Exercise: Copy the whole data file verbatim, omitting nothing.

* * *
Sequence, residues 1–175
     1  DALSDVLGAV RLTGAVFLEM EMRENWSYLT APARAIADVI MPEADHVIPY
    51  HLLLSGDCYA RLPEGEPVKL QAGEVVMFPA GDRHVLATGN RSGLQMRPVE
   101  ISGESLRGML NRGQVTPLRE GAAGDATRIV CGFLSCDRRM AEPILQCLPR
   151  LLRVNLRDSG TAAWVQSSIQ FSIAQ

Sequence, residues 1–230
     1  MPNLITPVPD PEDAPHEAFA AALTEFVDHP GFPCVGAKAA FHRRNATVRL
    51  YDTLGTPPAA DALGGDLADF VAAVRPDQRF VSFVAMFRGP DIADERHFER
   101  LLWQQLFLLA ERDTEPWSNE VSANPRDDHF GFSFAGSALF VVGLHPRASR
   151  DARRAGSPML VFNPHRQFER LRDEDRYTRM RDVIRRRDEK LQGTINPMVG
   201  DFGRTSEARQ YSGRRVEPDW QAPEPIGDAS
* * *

Sequence, residues 1–175
     1  DALSDVLGAV RLTGAVFLEM EMRENWSYLT APARAIADVI MPEADHVIPY
    51  HLLLSGDCYA RLPEGEPVKL QAGEVVMFPA GDRHVLATGN RSGLQMRPVE
   101  ISGESLRGML NRGQVTPLRE GAAGDATRIV CGFLSCDRRM AEPILQCLPR
   151  LLRVNLRDSG TAAWVQSSIQ FSIAQ

Sequence, residues 1–230
     1  MPNLITPVPD PEDAPHEAFA AALTEFVDHP GFPCVGAKAA FHRRNATVRL
    51  YDTLGTPPAA DALGGDLADF VAAVRPDQRF VSFVAMFRGP DIADERHFER
   101  LLWQQLFLLA ERDTEPWSNE VSANPRDDHF GFSFAGSALF VVGLHPRASR
   151  DARRAGSPML VFNPHRQFER LRDEDRYTRM RDVIRRRDEK LQGTINPMVG
   201  DFGRTSEARQ YSGRRVEPDW QAPEPIGDAS